|Savannah City Hall|
A Yes-No Proposition
– By: Larry Walker II –
There are two Proposed Constitutional Amendments on Georgia’s ballot this November 4th. They are as follows:
A. To prohibit an increase in the state income tax rate in effect January 1, 2015 (Senate Resolution 415). “Shall the Constitution of Georgia be amended to prohibit the General Assembly from increasing the maximum state income tax rate?”
B. Adding reckless driving penalties or fees to the brain and spinal injury trust fund (House Resolution 1183). “Shall the Constitution of Georgia be amended to allow additional reckless driving penalties or fees to be added to the Brain and Spinal Injury Trust Fund to pay for care and rehabilitative services for Georgia citizens who have survived neurotrauma with head or spinal cord injuries?”
Yes on Proposal A
Well, Proposal A is pretty much a no-brainer. Do you want to increase the State’s income tax rate, and thus reduce its, and thereby your, competitiveness? I think not. A Yes vote on Proposal A prevents the General Assembly from calling a special session to raise taxes before the next official session begins on January 1, 2015. Therefore, I’m voting Yes on Proposal A.
No on Proposal B
I will be voting No on Proposal B, although the reasons are a bit more complicated. Increasing fines on those convicted of driving under the influence (DUI) of alcohol or drugs, or reckless driving, in order to allocate such additional funds to a Brain and Spinal Injury Trust Fund sounds like a noble idea, however, I believe this concept is best suited for a public Charity. We don’t really need the current Commission to provide such grants. A public charity will do just fine. Ironically, the Commission already accepts public donations. Who knew?
In exploring this proposal intelligently, two important questions arise. First, what is the Brain and Spinal Injury Trust Fund? And second, why does it need more money?
The Brain and Spinal Injury Trust Fund was created through a constitutional amendment passed by Georgia voters in November 1998. Who knows what we were thinking back then? It is funded solely through a surcharge on DUI (and reckless driving) fines, to assist Georgians with traumatic brain and/or spinal cord injuries, by awarding grants to help alleviate a portion of the often insurmountable costs of procuring necessary equipment and services to help rebuild lives after a traumatic injury.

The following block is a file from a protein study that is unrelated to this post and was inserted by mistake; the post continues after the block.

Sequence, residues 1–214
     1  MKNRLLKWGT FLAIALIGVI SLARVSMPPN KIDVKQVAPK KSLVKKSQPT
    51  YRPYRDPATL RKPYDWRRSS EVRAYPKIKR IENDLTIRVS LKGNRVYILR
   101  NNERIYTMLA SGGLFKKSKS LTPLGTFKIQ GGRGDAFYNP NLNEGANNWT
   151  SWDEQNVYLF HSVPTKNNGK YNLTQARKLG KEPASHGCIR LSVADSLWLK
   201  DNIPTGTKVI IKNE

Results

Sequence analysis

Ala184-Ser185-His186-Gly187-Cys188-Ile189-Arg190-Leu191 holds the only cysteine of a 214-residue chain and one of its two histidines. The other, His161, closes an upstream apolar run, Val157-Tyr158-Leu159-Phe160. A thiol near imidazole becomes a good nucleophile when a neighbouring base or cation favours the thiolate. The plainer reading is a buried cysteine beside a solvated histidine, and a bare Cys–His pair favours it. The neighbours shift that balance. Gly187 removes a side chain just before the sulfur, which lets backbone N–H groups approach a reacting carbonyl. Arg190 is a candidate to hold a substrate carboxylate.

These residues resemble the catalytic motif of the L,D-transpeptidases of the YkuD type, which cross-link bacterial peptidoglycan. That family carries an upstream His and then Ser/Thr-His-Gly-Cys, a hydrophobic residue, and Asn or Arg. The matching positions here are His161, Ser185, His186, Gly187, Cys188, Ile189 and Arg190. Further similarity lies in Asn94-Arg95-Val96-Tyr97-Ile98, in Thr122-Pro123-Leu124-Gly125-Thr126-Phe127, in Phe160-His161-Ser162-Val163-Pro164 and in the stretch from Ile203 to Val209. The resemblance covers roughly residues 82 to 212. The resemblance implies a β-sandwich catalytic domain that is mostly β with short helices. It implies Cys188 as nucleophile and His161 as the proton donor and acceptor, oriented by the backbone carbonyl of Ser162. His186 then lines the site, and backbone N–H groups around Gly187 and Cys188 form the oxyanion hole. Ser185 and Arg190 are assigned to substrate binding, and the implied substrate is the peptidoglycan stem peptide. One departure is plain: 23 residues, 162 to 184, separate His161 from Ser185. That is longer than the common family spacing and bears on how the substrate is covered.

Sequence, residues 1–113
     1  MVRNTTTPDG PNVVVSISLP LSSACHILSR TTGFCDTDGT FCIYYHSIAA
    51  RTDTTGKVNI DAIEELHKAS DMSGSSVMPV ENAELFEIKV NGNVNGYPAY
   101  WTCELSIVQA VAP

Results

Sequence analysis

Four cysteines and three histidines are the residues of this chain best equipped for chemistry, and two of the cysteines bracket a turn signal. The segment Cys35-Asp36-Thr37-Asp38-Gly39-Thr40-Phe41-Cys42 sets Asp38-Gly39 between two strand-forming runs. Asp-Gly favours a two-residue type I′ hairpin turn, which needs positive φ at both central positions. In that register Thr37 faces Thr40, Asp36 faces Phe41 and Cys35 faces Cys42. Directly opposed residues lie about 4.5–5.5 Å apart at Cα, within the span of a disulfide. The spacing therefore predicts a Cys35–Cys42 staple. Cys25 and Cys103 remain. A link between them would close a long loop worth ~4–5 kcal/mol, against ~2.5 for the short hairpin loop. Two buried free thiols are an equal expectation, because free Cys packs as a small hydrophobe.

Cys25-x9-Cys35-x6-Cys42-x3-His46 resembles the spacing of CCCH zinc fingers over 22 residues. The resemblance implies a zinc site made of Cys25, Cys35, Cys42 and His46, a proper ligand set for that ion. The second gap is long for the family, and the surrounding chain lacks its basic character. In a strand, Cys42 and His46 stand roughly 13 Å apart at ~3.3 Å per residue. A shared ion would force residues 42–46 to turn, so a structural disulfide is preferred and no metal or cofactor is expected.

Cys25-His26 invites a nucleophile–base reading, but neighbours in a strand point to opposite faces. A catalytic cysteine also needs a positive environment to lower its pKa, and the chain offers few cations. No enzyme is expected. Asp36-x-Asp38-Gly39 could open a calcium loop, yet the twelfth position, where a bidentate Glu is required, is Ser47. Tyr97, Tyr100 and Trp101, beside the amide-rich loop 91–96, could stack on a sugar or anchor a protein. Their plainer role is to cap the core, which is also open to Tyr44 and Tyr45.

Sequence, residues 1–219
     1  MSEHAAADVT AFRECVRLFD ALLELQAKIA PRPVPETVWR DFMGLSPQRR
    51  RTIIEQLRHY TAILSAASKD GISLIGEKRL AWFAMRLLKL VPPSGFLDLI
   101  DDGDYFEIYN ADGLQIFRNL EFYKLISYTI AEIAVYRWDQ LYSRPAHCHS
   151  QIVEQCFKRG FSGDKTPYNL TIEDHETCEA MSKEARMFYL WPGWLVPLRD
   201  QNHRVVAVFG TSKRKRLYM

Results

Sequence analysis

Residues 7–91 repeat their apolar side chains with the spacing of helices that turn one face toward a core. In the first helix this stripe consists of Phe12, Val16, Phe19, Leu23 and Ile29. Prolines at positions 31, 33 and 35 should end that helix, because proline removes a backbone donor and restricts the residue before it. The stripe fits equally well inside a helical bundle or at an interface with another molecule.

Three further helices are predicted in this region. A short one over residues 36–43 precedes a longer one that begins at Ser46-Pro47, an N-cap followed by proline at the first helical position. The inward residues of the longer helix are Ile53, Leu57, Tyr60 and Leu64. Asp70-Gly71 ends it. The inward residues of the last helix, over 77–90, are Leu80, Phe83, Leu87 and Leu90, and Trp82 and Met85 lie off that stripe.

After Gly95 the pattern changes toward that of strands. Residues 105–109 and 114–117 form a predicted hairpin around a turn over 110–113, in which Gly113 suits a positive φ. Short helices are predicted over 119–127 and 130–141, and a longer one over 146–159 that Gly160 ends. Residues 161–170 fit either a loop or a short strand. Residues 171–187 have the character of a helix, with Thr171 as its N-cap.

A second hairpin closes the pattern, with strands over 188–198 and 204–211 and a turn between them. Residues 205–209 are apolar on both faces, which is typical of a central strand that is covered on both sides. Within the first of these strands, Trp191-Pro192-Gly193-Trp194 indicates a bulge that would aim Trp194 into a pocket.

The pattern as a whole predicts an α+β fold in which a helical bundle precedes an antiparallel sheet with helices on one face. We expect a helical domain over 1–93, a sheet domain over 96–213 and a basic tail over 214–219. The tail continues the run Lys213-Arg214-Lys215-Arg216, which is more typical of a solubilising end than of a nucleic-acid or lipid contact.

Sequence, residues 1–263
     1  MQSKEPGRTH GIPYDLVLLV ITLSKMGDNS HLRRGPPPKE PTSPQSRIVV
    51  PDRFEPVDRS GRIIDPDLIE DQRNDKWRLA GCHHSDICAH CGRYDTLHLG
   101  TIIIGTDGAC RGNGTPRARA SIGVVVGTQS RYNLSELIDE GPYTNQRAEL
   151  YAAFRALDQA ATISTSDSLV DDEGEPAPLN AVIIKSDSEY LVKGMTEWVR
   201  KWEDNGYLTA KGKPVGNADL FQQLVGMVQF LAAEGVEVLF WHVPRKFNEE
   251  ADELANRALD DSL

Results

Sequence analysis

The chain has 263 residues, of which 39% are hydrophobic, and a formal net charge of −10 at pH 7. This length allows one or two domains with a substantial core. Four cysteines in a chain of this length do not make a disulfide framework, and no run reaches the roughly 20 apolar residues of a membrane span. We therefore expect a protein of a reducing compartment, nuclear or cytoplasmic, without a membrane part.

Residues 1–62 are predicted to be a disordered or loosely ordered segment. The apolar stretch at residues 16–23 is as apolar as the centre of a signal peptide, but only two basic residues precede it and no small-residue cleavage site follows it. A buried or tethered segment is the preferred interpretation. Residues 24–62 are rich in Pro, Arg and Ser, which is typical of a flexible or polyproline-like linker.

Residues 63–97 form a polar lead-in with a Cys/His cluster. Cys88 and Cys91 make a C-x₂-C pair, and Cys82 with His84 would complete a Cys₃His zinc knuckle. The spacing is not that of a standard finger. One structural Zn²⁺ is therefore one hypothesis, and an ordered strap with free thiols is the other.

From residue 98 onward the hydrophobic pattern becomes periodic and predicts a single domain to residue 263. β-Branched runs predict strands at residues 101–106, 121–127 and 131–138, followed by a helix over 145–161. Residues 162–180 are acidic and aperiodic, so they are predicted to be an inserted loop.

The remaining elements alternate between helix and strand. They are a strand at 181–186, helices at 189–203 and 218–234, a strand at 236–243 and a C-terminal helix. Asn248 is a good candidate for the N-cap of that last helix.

Why does the Commission need more money? The Trust Fund has never been lower than it is today, with collections having fallen from a peak of $2,069,640 in FY-2008, to just $1,579,626 in FY-2013. The commission only awarded 242 grants in FY-2013, with a total value of $1,343,136. This amounted to an average of just $5,550 per grantee. The reason Trust Fund collections have dwindled is because the number of DUI convictions is down. It doesn’t take a rocket scientist to figure that out (Fewer DUI’s = Less Revenue).
Wait a minute! Wasn’t the Trust Fund created to penalize, and thus discourage the number of DUI’s? If so, then it’s working. However, if its real purpose was to establish a government-backed slush fund, then perhaps fines should be increased, and rather dramatically, since any increase would have to be proportional to the declining number of DUI convictions. What this would mean is if the number of DUI’s dropped to 10 on an annual basis, then this lucky 10 would have to pay fines of around $206,964 apiece, in order to reboot the Trust Fund. Did you get that? If not, here are a few more reasons to vote No on Proposal B.
In its FY-2013 Annual Report, the Brain & Spinal Injury Trust Fund Commission stated that the estimated lifetime costs of care for a person with a traumatic brain and spinal injury could reach upwards of $4,000,000. Yet, according to the same report, the maximum lifetime cap on awards through the Commission is just $15,000 per applicant, hardly a drop in the bucket.
Further, because the Trust Fund is a payer of last resort, an applicant must have exhausted all other fund sources, such as Medicaid, Medicare, SSI, Private Insurance, Disability Insurance, VA, Victims Compensation Fund, etc…, in order to be eligible. In other words, only a handful of applicants will ever even qualify for this penury.
And then there’s this. Eligibility depends on the cause of injury, which must be one of the following: accidental fall, accidentally struck by or against an object/person, assault, self-inflicted injury, sports/recreation injury, and last but not least – a transportation/motor vehicle accident. So let me get this straight, we are collecting fees from those convicted of DUI and reckless driving (traffic) violations, and giving it to persons injured in non-traffic related accidents. What’s wrong with this picture?
Finally, according to its FY-2013 Annual Report, there were a total of 73,770 statewide traumatic brain and spinal injuries in 2013, yet the Commission was only able to grant awards to 242 persons, averaging $5,550 each. This leads me to conclude that the Trust Fund isn’t of much use to anyone at this point in time.
If you all want to punish those convicted of DUI and reckless driving, by all means, do it. But if you want to use this as an excuse for maintaining a government slush fund, then forget about it. I’m voting No on Proposal B, and if I could, I would vote to completely disband the Brain & Spinal Injury Trust Fund and its Commission. Its mission, although a noble one, can more effectively be carried out by, and should be transferred over to, a public charity. You got that?